“Mom, why is the sun hot?”
“Mom, why can’t I fly?”
I talked to a developmental psychologist and she explained it this way. Children’s brains are like little computers. There are many different pathways to get information into that computer. Usually, you have to try and try again until you find the right pathway for your child. But, in our case, our children came to us with clogged pathways. Every single path is clogged – with trauma, with memories, with new language acquisition, with new sights and smells and sounds, with new behavior expectations. All of the pathways into their brain were jammed with so many things that there was no way for the academic information to get in.
Thankfully, with time and love and counseling and patience, some of the pathways are clearing up. Some of the trauma is being processed. Some of the language is being learned. Some of the new behavior is being exhibited. And, now, his little brain is ready to receive some of that new information.
Micah had the opportunity to celebrate his birthday at school with his new friends. He didn’t quite understand why he got to have a birthday party at home AND at school, but he wasn’t complaining.
And, he came home with this paper…
Do you see that?
He wrote, “I love my family.”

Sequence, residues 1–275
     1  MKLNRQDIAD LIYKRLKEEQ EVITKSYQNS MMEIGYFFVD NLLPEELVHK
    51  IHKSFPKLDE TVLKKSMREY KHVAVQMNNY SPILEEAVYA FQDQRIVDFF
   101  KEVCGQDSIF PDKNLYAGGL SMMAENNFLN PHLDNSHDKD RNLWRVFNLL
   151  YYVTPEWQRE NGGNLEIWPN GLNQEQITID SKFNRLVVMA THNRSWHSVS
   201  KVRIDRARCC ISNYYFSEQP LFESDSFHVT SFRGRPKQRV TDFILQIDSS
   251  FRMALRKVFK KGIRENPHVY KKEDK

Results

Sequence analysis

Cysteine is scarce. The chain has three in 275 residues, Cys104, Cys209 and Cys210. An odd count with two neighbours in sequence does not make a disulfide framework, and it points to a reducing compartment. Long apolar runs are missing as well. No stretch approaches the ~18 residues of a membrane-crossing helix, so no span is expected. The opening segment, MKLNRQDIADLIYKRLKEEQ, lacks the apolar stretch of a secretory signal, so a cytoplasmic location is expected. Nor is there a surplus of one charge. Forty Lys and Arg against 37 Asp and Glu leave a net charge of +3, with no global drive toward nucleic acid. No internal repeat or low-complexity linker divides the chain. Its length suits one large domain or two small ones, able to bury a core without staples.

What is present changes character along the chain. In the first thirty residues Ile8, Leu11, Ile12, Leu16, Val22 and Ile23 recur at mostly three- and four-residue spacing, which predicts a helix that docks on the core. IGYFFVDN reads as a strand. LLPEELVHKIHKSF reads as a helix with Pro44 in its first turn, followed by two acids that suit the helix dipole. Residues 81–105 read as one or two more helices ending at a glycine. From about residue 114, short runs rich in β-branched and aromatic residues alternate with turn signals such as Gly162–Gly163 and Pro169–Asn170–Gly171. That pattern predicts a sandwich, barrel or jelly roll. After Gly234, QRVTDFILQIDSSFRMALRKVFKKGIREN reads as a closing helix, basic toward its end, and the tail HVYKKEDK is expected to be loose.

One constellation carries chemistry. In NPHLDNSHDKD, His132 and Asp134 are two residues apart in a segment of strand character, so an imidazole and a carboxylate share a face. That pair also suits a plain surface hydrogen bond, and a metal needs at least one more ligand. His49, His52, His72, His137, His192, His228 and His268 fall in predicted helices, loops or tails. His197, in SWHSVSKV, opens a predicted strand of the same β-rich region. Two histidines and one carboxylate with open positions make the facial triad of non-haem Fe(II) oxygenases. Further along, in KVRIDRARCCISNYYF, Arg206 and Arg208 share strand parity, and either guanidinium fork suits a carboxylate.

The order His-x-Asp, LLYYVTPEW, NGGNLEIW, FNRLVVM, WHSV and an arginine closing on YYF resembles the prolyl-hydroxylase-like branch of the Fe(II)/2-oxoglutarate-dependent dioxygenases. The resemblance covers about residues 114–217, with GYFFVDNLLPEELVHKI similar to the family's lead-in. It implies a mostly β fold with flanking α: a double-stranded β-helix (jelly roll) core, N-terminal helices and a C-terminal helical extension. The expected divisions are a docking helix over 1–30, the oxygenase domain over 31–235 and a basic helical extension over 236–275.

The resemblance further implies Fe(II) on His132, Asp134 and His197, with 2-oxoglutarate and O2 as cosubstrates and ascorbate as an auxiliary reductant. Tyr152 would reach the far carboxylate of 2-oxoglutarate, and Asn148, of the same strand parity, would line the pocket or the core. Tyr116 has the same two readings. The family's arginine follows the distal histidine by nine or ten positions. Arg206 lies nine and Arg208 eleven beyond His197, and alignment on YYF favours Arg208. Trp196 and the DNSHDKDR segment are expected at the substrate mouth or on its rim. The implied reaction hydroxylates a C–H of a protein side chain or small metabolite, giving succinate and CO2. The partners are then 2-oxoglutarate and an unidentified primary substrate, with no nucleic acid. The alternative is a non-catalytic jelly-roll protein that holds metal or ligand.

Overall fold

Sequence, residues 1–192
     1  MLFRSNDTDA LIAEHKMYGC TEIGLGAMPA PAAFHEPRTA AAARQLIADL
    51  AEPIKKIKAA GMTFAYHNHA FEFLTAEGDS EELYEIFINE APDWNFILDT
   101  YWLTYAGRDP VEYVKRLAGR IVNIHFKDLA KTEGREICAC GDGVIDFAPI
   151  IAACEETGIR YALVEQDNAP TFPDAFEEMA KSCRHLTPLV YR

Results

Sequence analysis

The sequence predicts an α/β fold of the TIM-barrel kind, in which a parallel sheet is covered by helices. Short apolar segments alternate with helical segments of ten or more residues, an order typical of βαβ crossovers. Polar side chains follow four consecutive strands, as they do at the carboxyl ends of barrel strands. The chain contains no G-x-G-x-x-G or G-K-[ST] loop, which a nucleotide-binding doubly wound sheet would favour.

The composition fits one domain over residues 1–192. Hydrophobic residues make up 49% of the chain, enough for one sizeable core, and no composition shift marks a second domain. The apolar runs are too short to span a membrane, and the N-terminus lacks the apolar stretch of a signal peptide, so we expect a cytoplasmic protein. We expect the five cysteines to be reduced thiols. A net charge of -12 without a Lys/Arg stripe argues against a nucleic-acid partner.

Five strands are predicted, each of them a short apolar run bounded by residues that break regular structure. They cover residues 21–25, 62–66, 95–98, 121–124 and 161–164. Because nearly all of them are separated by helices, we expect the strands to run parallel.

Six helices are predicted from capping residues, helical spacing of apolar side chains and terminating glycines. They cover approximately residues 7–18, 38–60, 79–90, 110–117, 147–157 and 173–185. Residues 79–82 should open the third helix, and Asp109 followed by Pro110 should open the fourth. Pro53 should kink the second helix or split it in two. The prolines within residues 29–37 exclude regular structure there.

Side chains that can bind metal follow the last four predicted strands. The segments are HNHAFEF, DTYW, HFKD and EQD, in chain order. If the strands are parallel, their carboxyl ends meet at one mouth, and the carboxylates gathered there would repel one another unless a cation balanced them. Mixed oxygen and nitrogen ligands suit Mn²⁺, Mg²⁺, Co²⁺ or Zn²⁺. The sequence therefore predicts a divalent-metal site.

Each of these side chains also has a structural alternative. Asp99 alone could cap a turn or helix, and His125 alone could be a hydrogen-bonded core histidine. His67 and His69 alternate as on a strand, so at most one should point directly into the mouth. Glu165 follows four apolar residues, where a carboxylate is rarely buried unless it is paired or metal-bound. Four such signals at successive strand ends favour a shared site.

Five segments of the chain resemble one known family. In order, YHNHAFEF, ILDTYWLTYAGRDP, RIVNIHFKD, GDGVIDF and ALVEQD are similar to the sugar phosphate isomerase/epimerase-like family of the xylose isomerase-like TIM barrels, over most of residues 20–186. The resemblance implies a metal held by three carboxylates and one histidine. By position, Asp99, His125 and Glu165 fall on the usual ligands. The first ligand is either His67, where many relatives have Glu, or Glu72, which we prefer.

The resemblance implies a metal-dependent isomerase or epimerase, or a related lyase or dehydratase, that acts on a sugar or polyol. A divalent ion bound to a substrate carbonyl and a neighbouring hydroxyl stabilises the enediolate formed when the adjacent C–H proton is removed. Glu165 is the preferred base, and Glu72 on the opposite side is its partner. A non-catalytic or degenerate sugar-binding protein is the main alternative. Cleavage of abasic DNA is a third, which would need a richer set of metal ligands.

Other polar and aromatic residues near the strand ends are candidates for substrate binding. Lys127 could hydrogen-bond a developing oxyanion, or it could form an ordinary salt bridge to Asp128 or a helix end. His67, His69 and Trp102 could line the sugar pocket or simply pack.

He goes on to say….
My sisters like to play with dolls. They like to play together. My brothers and I like to watch TV together. After we do our homework, we like to watch a super hero movie. My dad likes to stay at home and my mom likes to dance.
When I read his paper, I cried. It sounds just like a family, doesn’t it? We are figuring this thing out. All of us. Together. We are a family.
Plus, I think he did an excellent job of describing his mom and dad. Scott likes to stay home. I like to dance. Micah pretty much boiled it down to the essence of our character.
And then there is Leah.
Oh, I could write volumes about my girl. You all know that she has been my biggest challenge. But, do you know that she has also provided some of my biggest blessings? My oldest daughter, my strong-willed one, her hurting heart wrapped up inside a stubborn shell. My deep thinker, deep feeler, protective, heart-of-gold girl.
She blesses me.
Oh, we struggle over many hurdles, but she is a gift, this one.
She had to write a paper on a very special person. This is what she wrote….